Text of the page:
Civic and Political Engagement in a Time of Crisis: The Case of New York City

Project Date:
Feb 2021
Award Amount:

Co-funded by JPB Foundation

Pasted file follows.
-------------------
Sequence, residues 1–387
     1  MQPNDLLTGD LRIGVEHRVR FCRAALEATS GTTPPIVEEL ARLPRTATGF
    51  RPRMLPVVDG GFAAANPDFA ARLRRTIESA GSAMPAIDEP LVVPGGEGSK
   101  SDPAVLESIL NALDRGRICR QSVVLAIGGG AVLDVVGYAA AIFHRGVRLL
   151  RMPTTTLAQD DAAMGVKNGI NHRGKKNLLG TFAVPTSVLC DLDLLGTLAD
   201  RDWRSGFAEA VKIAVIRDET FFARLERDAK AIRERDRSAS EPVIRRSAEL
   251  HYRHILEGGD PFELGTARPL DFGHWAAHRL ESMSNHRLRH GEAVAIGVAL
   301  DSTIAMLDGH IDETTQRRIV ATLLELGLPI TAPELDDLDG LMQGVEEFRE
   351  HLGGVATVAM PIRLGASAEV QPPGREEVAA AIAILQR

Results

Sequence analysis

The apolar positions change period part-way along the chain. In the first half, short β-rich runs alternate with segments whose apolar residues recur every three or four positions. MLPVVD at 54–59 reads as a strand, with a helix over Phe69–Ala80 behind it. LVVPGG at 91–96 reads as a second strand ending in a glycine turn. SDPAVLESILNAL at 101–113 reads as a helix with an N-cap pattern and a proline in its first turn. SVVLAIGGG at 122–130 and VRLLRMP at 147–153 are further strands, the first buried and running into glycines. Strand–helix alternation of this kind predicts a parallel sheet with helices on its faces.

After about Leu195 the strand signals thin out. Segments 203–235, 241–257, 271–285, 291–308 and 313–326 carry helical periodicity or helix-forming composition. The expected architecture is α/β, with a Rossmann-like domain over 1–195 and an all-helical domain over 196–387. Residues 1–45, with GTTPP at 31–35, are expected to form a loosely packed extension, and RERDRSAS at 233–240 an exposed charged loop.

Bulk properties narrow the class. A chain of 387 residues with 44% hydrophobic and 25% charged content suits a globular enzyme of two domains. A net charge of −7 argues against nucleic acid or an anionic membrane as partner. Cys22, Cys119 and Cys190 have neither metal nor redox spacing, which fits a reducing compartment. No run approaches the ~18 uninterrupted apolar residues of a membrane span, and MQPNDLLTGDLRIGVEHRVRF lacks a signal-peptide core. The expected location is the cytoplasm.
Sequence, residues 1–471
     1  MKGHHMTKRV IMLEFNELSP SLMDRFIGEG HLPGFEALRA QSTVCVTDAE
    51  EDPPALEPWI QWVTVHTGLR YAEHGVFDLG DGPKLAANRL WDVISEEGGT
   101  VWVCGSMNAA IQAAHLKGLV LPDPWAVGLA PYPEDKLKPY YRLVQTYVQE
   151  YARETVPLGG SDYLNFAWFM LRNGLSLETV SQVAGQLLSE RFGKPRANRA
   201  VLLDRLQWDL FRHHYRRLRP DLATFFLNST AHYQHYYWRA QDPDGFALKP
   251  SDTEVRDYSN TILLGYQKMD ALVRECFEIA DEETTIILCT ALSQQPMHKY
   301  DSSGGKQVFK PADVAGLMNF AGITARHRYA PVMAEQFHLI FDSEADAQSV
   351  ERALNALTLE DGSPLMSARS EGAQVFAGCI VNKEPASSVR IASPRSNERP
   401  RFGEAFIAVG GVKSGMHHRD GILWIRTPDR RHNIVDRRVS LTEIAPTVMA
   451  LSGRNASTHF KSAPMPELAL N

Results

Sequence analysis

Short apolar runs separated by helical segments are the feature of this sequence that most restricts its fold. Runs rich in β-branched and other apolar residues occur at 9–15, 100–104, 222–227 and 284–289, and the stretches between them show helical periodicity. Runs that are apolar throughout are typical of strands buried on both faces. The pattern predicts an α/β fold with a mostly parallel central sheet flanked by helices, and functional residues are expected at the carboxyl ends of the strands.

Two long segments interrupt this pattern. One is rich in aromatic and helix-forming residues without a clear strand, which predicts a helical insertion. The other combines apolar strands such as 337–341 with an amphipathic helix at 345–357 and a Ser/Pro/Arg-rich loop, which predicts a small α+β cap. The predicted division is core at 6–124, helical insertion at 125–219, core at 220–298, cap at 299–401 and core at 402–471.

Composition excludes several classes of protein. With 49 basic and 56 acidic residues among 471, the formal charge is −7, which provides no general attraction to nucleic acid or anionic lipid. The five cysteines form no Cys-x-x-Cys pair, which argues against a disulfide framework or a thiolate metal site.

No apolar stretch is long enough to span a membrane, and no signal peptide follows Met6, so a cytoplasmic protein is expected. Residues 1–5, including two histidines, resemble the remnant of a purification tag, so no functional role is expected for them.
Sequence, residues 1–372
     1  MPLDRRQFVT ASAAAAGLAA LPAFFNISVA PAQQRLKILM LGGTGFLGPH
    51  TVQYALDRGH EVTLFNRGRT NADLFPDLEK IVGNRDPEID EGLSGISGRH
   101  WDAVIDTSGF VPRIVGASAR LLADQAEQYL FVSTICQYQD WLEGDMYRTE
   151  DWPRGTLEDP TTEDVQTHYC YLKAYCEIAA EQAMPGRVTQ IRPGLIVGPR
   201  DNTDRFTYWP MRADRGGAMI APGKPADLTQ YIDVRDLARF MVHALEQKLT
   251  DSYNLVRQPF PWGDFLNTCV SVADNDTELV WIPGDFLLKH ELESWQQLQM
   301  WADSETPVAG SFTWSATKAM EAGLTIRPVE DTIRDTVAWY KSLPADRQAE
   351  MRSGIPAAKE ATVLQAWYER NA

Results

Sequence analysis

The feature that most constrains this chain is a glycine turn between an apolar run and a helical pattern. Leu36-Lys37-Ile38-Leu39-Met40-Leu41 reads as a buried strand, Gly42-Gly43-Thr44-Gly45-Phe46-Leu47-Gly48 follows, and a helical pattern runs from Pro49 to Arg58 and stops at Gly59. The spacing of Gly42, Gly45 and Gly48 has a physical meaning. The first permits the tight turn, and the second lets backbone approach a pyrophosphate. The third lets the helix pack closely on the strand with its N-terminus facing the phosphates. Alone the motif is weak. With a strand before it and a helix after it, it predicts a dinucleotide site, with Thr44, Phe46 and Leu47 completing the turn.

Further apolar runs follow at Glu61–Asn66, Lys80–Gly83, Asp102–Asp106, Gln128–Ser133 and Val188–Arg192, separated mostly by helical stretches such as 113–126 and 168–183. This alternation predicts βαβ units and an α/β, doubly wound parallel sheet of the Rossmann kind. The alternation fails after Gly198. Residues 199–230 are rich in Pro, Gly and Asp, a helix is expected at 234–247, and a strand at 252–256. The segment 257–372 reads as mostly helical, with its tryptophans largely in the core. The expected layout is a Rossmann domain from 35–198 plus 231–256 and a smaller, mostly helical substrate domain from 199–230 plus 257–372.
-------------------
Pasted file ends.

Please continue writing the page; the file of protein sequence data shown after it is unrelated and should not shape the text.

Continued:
Political scientist John Mollenkopf will examine the extent to which the spread of COVID-19, the associated job losses, and the polarized political environment have affected political engagement (including voting), volunteering and organizational involvement, commitments to community and city, and assessments of political leadership among NYC registered voters. Mollenkopf hypothesizes that the relationships between illness, unemployment, and  political polarization, and civic and political outcomes are likely to operate both on the individual level—people who get sick, lose their job, or belong to a stigmatized racial or ethnic group might be expected to step back from civic or political life—and at the communal level—living in a community burdened by illness, income loss, and stigmatization might dampen civic and political engagement even if one remains healthy, employed, and alert to politics. However, these trends might operate in unexpected ways, increasing involvement among some burdened individuals or groups while privileged people or communities withdraw. For example, the Dominican neighborhood of Washington Heights had a high level of engagement with the 2020 Census despite having high levels of COVID-19 infection, while some of Manhattan’s highest income neighborhoods had low response rates


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